The game is perfectly suited for the Joy-con, which are surprisingly instinctive to use. While it is strange at first to describe the buttons turned sideways (one Joy-con doesn’t have letters and the others are useless monikers when flipped) both of my partners immediately understood simple directions like “right button” or “down button.” With the additional straps attached, the controllers actually felt fairly comfortable, though it remains to be seen if that will be the case in more rigorous games like the upcoming Mario Kart 8 Deluxe. The one complaint I have about them is the joysticks, as Snipperclips often requires precise inputs, like jumping to a specific height or crouching and moving simultaneously, that are made more difficult because of them. It is a minor issue, and one you will grow accustomed to, but still noticeable.
Other issues arise when playing outside of the typical two-player co-op levels. These levels can be played solo by switching between the two paper characters, but this robs the game of much of its charm. Rather than puzzling solutions out together you are left alone, which can be frustrating. Additionally, many levels require degrees of coordination that do not lend themselves to solo play. The game is designed with co-op in mind, but it would have been nice if it were more accessible to a single player.
A four-player co-op mode and a competitive mode are also included, but achieve varying levels of success. The four-player mode is great fun and features a small selection of puzzles that can be attempted, but is limited by its smaller scope. It can be played with two-four players, with two players each controlling two characters, but this runs into the same issues that solo players face, albeit to a lesser extreme. Because not many players own two sets of Joy-con, this issue will be a factor for most players, which is unfortunate.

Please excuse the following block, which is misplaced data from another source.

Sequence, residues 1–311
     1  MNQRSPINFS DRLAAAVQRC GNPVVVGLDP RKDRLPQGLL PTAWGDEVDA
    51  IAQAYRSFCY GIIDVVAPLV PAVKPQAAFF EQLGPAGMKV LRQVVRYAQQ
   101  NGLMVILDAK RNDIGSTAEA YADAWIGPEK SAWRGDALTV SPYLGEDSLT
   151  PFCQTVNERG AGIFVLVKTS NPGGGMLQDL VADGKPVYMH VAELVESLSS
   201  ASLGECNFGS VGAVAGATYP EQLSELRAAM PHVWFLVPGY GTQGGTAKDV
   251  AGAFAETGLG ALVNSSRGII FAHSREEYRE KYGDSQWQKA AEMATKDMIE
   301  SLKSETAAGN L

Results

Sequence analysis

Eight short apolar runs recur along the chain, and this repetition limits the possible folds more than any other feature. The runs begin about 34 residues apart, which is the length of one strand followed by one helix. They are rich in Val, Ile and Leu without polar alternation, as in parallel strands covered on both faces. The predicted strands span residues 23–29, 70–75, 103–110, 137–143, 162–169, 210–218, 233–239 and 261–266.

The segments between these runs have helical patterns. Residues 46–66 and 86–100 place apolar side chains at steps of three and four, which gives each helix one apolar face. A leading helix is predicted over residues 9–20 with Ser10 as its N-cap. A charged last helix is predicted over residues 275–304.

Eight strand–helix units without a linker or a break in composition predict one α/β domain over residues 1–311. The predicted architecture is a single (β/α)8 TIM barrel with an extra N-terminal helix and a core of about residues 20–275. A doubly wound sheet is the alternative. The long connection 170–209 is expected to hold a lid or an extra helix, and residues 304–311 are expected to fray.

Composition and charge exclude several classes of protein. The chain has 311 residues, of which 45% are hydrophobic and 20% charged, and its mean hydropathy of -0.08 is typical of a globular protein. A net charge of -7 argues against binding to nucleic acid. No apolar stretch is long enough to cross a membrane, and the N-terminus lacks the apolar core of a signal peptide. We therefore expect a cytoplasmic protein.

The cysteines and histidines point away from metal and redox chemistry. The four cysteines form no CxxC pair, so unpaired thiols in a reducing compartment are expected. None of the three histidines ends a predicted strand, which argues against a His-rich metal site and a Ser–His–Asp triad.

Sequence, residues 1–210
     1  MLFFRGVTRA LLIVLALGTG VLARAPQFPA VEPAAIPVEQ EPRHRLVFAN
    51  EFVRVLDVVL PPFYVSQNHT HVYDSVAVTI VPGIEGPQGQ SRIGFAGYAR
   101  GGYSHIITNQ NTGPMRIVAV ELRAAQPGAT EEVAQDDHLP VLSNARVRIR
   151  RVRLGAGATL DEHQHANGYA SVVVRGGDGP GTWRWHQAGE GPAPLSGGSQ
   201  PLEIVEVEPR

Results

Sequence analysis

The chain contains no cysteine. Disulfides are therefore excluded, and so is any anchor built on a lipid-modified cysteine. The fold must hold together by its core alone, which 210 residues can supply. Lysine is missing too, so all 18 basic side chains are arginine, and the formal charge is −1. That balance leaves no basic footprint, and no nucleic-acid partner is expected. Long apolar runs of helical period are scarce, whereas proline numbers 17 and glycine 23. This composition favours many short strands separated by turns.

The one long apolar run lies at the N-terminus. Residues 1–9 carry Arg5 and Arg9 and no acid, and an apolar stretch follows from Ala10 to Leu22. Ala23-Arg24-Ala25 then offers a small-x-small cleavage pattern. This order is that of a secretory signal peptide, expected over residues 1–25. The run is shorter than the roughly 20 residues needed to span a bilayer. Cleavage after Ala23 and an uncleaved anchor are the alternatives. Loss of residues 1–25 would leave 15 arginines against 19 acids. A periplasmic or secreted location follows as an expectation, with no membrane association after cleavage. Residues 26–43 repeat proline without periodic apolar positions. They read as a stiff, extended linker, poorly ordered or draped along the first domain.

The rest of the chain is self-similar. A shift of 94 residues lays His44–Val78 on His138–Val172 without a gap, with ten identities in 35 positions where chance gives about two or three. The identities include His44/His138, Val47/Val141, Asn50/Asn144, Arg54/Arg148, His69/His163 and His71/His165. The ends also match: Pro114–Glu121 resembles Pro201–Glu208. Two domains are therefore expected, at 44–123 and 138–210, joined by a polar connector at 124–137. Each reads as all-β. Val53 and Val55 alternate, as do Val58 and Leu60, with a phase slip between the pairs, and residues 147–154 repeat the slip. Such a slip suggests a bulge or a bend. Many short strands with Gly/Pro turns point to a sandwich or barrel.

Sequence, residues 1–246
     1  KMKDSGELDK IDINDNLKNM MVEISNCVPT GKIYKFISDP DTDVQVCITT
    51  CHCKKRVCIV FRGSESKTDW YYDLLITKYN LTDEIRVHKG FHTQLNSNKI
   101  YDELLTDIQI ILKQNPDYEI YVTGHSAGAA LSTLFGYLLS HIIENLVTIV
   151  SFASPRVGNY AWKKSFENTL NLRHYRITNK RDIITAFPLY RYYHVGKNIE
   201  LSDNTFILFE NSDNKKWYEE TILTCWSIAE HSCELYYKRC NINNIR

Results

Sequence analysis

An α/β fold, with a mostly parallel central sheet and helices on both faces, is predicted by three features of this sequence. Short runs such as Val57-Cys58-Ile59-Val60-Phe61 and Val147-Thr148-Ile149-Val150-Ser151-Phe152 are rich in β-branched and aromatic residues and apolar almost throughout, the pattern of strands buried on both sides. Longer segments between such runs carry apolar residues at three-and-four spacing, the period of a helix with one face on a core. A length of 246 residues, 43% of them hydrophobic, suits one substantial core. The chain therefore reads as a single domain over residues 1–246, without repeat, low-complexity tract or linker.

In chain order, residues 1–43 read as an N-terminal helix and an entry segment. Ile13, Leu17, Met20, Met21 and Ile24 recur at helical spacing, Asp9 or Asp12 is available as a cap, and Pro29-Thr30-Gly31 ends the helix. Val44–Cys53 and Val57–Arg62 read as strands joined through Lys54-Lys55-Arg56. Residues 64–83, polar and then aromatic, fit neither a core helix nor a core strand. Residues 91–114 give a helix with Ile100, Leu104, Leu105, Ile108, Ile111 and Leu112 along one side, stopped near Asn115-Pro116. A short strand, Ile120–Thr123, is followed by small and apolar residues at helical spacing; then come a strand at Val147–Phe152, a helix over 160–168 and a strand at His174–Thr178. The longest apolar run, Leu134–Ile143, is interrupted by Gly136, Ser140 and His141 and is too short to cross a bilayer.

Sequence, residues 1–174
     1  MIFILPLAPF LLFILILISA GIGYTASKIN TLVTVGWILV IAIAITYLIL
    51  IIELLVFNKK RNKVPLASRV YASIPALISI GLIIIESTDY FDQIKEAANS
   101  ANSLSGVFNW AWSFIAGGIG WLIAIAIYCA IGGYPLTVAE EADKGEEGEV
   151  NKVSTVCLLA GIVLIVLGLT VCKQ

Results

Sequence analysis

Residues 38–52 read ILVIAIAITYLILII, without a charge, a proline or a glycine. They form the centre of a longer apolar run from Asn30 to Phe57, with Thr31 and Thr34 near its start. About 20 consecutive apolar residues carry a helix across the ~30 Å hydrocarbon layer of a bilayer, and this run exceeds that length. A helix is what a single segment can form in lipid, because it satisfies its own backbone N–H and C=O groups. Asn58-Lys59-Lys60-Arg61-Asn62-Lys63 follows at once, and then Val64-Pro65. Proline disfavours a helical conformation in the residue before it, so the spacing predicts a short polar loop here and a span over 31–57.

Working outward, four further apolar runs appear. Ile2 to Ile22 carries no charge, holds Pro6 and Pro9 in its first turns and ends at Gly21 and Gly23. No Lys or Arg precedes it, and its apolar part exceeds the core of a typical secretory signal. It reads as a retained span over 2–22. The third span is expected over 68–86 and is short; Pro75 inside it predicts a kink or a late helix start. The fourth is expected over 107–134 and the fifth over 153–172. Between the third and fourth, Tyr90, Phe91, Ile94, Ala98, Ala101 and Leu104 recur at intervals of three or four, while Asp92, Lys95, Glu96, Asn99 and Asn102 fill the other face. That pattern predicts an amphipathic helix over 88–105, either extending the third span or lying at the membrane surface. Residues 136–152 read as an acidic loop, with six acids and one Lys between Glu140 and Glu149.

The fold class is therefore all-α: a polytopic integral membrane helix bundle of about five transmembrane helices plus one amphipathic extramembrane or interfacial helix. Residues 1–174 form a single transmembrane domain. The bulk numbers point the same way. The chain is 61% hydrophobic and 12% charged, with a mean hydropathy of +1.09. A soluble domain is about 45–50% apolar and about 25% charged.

The competitive mode is a fun side activity, but its games do not have much depth. Players can choose from three different minigames based on different level mechanics. Basketball sees players attempting to shoot a ball into a hoop, and is easily the weakest of the three. Hockey is played like a game of digital air hockey, and is improved by its quick pace but quickly overstays its welcome as well. Dojo is easily the best competitive game, as it revolves around cutting your opponent until they disappear. This is just as fun competitively as it is in the main levels, and remains fun through multiple playthroughs. Ultimately these games are good for small doses of silliness, and little else.
The Verdict: 8.5 out of 10
Snipperclips – cut it out together! is the perfect game to show off your brand-new Switch’s local multiplayer functionality. It features a colorful world bursting with personality and brain-tingling puzzles that are a joy to solve while laughing with friends and family. The understated brilliance of the Joy-con is on full display, as they are intuitive to pick up and play by veterans and beginners alike. While the game struggles a bit outside of its main, two-player co-op mode, the clever and varied puzzle design is well worth the price of admission. If you are looking for a game to pair with your Zelda adventure, Snipperclips is a worthy addition to your fledgling Switch library, and will undoubtedly be a source of laughs and fun for anyone who picks up a controller.
For more information about what the score means, check out our official review scale.
Brett Williams is an Associate Writer for MONG who has snipped his fair share of clips. Cranks are his eternal enemy. If you are interested in his nonexistent ramblings, you can follow him on twitter.